Circular Amsterdam

To help further the circular economy, Amsterdam and several other Dutch cities, government agencies, universities, and companies recently signed a so-called City Deal. By doing so, they are taking the initiative to accelerate the transition to a circular economy. The City Deal, signed (Dutch link) on 11 November at the National Circular Economy Summit, is a good way of forming coalitions with cities, with the goal of putting the circular economy into practice.
Signatories to the deal will gather experience in different areas. In Amsterdam’s Buiksloterham neighbourhood, for example, plots of land have been earmarked for circular economy buildings, which will be constructed in a sustainable way. Almost two years ago, Amsterdam was the first city in the world to begin researching the opportunities of the circular economy.

City Circle Scan

Amsterdam has also made a major step in the transition to becoming one of the world’s first circular cities in the form of the Amsterdam City Circle Scan. This scan will identify areas in which Amsterdam can make the most significant and tangible progress in realising a circular economy. This is the world’s first City Circle Scan to be done at this scale. The resulting report identifies areas where circular business models can be applied, and highlights strategies to achieve these sustainable solutions.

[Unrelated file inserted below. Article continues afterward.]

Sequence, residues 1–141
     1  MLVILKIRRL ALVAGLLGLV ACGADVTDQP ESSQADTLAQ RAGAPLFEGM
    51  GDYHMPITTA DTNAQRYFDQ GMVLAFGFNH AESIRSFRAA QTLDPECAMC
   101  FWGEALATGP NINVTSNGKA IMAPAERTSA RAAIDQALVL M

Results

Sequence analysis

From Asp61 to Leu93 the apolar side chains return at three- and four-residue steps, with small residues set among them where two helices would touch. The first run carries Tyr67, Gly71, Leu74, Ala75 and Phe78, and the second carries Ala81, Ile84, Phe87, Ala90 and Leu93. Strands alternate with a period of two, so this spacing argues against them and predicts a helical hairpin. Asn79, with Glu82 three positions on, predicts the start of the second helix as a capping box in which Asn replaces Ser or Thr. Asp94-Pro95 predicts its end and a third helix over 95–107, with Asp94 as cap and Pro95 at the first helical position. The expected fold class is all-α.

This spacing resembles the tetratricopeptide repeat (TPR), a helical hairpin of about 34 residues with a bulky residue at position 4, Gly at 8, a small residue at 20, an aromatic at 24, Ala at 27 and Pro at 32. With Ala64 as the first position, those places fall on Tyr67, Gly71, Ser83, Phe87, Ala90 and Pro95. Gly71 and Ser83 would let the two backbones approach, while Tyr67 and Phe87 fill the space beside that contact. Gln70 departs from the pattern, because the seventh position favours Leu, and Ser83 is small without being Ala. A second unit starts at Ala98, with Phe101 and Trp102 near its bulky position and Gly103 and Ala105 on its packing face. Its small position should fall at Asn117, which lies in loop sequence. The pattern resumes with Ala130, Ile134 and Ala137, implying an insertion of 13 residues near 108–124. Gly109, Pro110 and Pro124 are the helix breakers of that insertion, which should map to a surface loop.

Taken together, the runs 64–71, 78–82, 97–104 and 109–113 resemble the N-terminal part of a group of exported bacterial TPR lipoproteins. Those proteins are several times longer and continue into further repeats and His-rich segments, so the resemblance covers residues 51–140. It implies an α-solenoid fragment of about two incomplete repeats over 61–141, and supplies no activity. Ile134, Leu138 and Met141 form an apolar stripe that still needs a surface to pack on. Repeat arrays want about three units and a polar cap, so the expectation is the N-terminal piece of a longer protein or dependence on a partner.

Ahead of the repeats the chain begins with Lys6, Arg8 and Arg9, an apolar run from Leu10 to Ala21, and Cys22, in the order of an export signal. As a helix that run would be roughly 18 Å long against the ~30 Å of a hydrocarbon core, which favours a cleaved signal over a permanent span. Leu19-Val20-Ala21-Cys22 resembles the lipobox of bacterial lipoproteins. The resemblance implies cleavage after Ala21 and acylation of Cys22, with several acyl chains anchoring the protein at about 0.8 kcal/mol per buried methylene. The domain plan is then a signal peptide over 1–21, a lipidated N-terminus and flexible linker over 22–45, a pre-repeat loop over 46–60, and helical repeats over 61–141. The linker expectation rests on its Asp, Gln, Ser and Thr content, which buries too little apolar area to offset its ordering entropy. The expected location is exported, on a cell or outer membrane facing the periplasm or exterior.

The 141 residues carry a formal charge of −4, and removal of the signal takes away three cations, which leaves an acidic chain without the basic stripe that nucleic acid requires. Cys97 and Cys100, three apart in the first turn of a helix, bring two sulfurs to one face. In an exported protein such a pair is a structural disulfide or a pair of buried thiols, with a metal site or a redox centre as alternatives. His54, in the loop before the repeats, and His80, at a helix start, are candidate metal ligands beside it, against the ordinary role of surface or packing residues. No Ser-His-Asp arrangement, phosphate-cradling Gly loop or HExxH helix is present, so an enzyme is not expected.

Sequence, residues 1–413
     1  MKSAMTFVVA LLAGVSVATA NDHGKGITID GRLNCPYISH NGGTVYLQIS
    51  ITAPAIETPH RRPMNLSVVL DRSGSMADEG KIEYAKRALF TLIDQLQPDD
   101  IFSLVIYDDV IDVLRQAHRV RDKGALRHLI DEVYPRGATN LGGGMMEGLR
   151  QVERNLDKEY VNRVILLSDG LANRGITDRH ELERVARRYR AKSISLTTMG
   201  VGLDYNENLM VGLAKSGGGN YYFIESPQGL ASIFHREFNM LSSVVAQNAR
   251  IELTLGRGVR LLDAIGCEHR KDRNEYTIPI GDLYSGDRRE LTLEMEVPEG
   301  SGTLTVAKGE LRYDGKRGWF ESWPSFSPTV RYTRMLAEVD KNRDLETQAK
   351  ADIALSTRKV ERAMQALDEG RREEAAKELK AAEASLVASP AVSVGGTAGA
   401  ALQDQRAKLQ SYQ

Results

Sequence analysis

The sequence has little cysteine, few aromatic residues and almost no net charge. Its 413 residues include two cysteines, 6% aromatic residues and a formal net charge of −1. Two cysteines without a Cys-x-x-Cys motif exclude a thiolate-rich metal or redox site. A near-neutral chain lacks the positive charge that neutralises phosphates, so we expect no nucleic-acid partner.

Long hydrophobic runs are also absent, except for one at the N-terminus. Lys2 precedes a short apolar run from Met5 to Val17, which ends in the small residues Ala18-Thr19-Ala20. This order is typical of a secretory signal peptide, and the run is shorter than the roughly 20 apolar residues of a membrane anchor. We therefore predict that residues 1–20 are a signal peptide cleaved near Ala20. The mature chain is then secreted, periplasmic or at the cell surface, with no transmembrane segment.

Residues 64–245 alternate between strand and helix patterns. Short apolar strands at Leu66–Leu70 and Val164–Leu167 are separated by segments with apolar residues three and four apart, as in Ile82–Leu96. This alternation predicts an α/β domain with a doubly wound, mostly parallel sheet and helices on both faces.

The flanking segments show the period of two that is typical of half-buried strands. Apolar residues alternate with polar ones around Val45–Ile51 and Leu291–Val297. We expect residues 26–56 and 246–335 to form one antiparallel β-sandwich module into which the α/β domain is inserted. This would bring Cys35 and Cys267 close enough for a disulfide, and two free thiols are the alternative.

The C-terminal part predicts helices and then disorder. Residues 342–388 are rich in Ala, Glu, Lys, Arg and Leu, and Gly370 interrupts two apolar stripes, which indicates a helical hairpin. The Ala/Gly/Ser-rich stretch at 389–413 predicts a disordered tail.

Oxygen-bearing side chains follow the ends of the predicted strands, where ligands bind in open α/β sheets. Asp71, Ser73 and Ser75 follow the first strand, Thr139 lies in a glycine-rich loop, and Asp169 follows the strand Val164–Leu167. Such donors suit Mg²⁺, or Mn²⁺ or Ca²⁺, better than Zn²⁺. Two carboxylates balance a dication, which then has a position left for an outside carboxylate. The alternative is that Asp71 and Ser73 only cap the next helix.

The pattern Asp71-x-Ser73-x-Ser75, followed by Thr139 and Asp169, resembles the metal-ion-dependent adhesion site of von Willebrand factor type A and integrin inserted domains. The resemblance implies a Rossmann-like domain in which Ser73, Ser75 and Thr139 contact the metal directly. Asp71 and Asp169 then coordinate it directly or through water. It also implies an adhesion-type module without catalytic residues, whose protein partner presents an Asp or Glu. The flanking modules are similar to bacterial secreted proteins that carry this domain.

Dutch circular innovations abroad

The Dutch progress in this field is now making its way to different countries, starting in Eastern Europe. The Holland Circular Hotspot is a platform that will promote Dutch innovations across borders. Examples include Dutch methods of extracting precious metals from discarded electronics, and sustainable yarn that is spun from plastic waste. The initial phase will focus on Eastern Europe, where there is currently less recycling, and where circular innovations can have an even greater impact.

“Holland Circular Hotspot now combines the strengths of businesses, knowledge institutions, and the government to put the Netherlands on the international map as a key junction for the circular economy,” said (Dutch link) the Dutch Secretary of Infrastructure and the Environment, Sharon Dijksma. The Dutch government will help the involved parties get international attention for their innovations, for example by organising trade missions.